When you eat in a good restaurant, the other people there are there for the same reason. They enjoy the food, the wine and the service. Anyone can make a meal at home and some people can do a really good job of it, but what better way to spend an evening than with like-minded people being pampered and spoilt eating exquisite food and drinking good wine.

The cost

Like with anything of luxury, the cost is whatever you want it to be. Expect to spend two or three times more than you would if you were out at your local restaurant at least and if you want to push the boat out then maybe four or five times more. Personally, I have found that even the best restaurants I’ve been to will cater for someone not wanting to go overboard on price.

The experience

Life is made up of experiences and memories and what better way of creating a memory than eating out at a top restaurant. As far as luxury goes we don’t all need to drive, we don’t all need the best watches but we do all need to eat, so why not save up, have a look at what’s on offer in your area and push the boat out.

If you’re in  London here are some that I’ve tried and can recommend;

The Ivy, Covent Garden

Le Caprice, Piccadilly

Ormer, Mayfair

Galvin at Windows, Hilton Park Lane

Babylon Roof Gardens, Kensington

Roux at The Landau

Quillon, Westminster

Craft at the O2

 

Five reasons why South Africa should be your next holiday destination

Last weekend I returned from an unforgettable 11 day trip to South Africa. This was my first ever visit and was to celebrate my wife’s birthday.

I had all the usual concerns before we  went and had no real idea what was in store for us.

So why then, should you choose to visit South Africa ?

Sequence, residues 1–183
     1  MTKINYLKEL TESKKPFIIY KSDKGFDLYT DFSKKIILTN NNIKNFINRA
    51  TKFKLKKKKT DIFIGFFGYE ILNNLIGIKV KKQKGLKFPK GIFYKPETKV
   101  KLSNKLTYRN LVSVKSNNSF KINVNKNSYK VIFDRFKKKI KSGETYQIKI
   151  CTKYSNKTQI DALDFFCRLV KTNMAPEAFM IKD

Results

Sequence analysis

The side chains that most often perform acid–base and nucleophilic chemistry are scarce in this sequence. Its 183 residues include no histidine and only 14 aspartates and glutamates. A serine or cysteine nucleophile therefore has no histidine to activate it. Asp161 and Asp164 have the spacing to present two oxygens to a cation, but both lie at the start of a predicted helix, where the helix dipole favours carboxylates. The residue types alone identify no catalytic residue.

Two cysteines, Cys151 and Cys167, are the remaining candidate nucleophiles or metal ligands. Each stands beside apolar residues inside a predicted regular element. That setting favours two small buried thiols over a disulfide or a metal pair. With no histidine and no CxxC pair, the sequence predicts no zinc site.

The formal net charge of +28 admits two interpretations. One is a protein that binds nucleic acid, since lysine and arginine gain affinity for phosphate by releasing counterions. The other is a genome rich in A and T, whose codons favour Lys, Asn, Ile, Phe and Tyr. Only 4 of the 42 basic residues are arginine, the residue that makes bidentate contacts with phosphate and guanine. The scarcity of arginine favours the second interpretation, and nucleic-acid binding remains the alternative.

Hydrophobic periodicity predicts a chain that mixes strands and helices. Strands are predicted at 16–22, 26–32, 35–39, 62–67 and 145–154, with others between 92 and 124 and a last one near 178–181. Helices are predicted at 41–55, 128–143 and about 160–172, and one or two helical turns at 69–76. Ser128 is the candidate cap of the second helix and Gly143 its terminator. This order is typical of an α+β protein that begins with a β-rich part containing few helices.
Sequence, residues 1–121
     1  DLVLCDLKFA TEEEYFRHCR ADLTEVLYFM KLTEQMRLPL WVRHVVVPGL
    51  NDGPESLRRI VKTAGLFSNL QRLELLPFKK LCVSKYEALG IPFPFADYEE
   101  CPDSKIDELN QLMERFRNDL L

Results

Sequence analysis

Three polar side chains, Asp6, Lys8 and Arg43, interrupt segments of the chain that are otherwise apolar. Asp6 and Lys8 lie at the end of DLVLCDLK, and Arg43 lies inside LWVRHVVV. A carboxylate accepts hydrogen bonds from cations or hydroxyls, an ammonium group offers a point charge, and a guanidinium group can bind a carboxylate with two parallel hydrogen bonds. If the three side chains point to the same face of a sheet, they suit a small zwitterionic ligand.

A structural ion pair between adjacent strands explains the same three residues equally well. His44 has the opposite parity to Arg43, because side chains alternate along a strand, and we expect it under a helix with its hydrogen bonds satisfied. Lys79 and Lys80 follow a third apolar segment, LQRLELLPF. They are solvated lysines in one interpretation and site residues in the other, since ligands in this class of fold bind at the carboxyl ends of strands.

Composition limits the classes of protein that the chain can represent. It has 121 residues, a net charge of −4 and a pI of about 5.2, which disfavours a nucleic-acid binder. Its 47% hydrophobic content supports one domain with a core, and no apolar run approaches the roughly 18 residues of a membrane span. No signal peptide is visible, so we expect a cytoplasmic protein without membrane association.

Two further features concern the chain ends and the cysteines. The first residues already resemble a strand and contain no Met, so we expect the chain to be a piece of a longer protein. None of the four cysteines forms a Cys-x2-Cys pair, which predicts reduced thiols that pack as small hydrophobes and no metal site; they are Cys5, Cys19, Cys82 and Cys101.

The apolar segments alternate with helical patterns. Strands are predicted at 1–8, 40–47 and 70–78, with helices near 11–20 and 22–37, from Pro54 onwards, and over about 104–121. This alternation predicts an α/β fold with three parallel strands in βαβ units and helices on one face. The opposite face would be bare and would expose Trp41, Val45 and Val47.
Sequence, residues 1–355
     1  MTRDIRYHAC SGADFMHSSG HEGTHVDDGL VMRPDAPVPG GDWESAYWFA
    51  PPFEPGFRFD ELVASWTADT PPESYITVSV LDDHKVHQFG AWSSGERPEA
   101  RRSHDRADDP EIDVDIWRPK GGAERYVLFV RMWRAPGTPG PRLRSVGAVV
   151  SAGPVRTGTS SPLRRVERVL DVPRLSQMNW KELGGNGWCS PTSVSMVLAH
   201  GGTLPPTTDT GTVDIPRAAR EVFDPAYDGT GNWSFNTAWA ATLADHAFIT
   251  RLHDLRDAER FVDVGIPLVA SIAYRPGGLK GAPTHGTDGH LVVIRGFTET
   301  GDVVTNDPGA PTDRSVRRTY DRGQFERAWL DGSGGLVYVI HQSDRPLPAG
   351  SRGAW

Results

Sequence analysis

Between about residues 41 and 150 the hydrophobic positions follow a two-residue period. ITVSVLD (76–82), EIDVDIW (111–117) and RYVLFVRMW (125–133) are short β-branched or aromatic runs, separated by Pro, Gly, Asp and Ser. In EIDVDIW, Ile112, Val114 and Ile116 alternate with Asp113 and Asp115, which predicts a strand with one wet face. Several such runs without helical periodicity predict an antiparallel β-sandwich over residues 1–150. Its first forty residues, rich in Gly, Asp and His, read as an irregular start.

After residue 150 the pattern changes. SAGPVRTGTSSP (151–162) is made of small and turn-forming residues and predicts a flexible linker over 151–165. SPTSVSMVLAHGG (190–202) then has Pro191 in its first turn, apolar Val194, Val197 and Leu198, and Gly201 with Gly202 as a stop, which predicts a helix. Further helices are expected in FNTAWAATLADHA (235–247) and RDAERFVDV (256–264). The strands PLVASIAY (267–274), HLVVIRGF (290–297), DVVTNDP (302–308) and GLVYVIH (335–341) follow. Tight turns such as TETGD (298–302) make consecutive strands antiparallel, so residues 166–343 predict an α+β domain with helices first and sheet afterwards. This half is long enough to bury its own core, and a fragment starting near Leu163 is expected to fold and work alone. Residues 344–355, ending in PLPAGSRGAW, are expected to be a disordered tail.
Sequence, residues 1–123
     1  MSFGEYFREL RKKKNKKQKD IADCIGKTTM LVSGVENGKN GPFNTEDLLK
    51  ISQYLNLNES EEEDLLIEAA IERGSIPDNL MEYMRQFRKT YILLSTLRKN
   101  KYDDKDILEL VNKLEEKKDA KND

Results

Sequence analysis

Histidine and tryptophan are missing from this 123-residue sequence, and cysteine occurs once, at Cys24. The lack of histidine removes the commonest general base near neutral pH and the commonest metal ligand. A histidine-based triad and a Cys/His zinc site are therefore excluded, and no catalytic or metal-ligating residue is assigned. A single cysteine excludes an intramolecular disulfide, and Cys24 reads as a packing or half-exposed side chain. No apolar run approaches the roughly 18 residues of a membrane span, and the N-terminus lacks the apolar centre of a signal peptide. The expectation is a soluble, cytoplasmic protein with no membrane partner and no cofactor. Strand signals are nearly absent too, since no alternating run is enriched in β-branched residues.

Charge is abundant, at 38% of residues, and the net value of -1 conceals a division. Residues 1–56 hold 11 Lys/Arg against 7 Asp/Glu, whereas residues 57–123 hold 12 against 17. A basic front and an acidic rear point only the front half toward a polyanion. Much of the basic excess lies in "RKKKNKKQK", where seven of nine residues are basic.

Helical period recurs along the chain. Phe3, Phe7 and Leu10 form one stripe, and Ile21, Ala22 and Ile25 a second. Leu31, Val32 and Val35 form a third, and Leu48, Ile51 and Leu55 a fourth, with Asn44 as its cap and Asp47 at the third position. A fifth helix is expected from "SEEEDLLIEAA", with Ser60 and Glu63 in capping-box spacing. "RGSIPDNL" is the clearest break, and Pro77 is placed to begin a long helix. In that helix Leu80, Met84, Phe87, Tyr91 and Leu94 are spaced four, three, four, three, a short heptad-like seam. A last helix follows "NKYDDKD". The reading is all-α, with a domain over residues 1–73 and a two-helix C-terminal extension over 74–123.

Reason 1; The scenery is breathtaking

DSC00068

The mist falls over Devil’s Peak towards the V & A Waterfront in Cape Town

We hired a car and drove the garden Route for most of our holiday and took shed loads of photos but looking back at a two dimensional snap just doesn’t communicate in any way just how immense and spectacular some of the scenery like Table Mountain and the national parks are. Table Mountain dominates the Cape Town skyline in a way that no other landmark could and just a few hours from Cape Town enormous granite cliffs stretch  into the sky  as far as the eye can see and look like they could engulf you in an instant.

Reason 2; The wine is stunning

IMG_0837.jpg

We are big fans of South African reds so to go to a place like this where Stellenbosch is on the doorstep is like a trip to Mecca. We booked a winelands tour with an independent guide , Hein Dornbrack of www.socialtrekking.co.za, who showed us around 4 of the vineyards near our hotel.To put this number into context, in the Stellenbosch area alone there are about 150 separate vineyards all producing wines of the very highest quality. We had to concede defeat at about 4.30pm after tasting, and drinking, some of the best wines we’ve ever had.